Facing backlash from some parents and politicians, a mayoral panel that recommended ending gifted and talented programs in New York City's public schools insisted that advanced students would still get the instruction they need.
"Every single parent who says, 'I'm now afraid because I don't want to lose the opportunity for my child to be challenged,' and we say, 'Yes, we agree,'" Maya Wiley, the co-chair of the School Diversity Advisory Group that made the recommendation, said at a news conference Tuesday.
But some high-profile supporters of the gifted and talented programs, which admit students based on tests administered as early as kindergarten, stepped forward as the panel officially released its recommendations.
The city teachers' union said the programs should be revamped and the testing of very young children end, but that the classes should not be eliminated. In a statement, Michael Mulgrew, the president of the United Federation of Teachers, said, "Every community has children who could thrive in a gifted and talented program, and it is our responsibility to help our children reach their full potential."
City Council Speaker Corey Johnson also said the programs should continue, but with an enrollment better reflecting the city's diversity.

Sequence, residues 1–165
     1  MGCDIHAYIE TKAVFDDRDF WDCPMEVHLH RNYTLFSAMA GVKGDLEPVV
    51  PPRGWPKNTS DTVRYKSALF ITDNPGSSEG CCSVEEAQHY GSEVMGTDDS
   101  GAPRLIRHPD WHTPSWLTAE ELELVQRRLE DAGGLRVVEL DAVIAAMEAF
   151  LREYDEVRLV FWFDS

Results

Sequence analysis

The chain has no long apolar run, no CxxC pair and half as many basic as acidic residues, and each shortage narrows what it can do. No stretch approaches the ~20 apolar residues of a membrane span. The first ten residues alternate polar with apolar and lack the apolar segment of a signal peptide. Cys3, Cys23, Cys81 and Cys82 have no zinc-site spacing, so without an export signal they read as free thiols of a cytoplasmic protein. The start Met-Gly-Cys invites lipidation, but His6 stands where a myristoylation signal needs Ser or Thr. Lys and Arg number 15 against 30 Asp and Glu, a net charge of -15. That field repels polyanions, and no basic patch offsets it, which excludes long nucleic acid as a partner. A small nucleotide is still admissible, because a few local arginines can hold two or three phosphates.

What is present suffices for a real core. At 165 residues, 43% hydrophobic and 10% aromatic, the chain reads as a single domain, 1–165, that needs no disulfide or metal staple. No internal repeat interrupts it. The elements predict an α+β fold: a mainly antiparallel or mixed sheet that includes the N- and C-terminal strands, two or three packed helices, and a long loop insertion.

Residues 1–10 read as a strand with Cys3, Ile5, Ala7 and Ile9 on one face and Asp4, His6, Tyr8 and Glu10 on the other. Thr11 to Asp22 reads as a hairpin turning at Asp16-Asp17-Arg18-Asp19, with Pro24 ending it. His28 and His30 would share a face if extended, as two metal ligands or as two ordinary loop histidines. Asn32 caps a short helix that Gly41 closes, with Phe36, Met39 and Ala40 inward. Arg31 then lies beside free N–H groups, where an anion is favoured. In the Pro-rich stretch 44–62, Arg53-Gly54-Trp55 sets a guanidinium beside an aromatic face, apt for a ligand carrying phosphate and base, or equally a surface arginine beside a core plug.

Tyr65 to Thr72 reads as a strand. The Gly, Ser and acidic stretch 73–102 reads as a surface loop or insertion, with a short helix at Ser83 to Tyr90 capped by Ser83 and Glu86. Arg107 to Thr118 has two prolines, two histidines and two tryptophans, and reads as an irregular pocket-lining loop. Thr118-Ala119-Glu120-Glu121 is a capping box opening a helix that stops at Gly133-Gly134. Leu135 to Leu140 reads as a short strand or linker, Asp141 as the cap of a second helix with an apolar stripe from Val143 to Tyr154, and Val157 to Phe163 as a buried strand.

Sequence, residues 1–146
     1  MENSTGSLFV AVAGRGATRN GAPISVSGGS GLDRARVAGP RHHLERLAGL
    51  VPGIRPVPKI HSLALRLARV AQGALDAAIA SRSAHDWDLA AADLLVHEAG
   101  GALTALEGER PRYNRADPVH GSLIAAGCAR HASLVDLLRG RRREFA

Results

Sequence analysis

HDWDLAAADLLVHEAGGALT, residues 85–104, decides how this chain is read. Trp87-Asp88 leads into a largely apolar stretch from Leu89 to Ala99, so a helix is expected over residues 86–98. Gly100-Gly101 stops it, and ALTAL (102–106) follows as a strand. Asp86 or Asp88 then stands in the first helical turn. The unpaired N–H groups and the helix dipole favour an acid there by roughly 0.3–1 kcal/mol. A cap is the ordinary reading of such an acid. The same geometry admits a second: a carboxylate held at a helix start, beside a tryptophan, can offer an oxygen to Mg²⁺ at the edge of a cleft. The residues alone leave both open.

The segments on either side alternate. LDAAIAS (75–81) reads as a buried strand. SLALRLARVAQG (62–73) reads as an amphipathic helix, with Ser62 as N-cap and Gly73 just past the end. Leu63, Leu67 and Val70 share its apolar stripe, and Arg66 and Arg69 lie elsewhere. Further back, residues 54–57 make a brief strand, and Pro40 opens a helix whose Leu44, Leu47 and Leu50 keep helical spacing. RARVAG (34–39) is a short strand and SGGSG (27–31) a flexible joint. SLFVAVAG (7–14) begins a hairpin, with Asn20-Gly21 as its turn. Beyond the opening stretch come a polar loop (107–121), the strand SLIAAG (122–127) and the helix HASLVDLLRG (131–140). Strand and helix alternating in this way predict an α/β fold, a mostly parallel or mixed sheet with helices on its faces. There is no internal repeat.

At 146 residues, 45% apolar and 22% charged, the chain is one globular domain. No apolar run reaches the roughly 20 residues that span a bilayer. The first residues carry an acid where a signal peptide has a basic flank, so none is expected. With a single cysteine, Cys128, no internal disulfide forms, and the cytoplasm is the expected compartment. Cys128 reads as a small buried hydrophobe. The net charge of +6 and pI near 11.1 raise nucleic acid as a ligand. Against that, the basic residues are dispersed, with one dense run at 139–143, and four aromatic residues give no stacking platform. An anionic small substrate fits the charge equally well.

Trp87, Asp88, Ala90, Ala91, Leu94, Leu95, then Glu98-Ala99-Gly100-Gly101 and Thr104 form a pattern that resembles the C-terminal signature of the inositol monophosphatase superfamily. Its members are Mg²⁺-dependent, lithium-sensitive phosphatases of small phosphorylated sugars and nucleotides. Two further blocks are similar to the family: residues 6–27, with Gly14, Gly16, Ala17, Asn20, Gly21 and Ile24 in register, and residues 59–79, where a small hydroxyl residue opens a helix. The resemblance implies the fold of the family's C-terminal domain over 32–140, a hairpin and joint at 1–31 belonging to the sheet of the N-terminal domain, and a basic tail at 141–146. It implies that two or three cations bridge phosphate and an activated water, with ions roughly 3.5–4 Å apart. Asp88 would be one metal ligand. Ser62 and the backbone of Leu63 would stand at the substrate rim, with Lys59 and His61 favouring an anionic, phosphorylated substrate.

Some leaders of the city's Asian American community were more outspoken.
"We're pitting communities against each other," Queens Assemblyman Ron Kim said. "We're blaming people and we're blaming the system, instead of fighting for more money and resources so that every child — doesn't matter where you come from — has more access to good education."
Enrollment in gifted and talented programs is overwhelmingly white and Asian in a school system that is largely black and Hispanic.
Although she said gifted and talented programs should be replaced by "new models of enrichment," a leader of the mayoral panel said it was up to the education department to develop those models and how students should be selected for them. However, she said advanced students should receive that enrichment as they attend classes alongside students of other abilities.
"The research shows that we actually have advance learning happening when we have a classroom that reflects multiple levels and experiences and levels of learning," Wiley said.
Mayor Bill de Blasio sidestepped whether he embraces the recommendations of his hand-picked panel.
"We want kids to learn together in diversity, we want to break down barriers, we also want to make sure we have the academic strength and we're positioning kids for their futures in a world where education determines economic destiny more than literally any point in history," he said on MSNBC.
Schools Chancellor Richard Carranza said he'd review the proposal, but he wouldn't take questions on them Tuesday.
The proposal calls for phasing out gifted and talented classes over a period of several years. It could be months before de Blasio decides if he will accept the recommendations.
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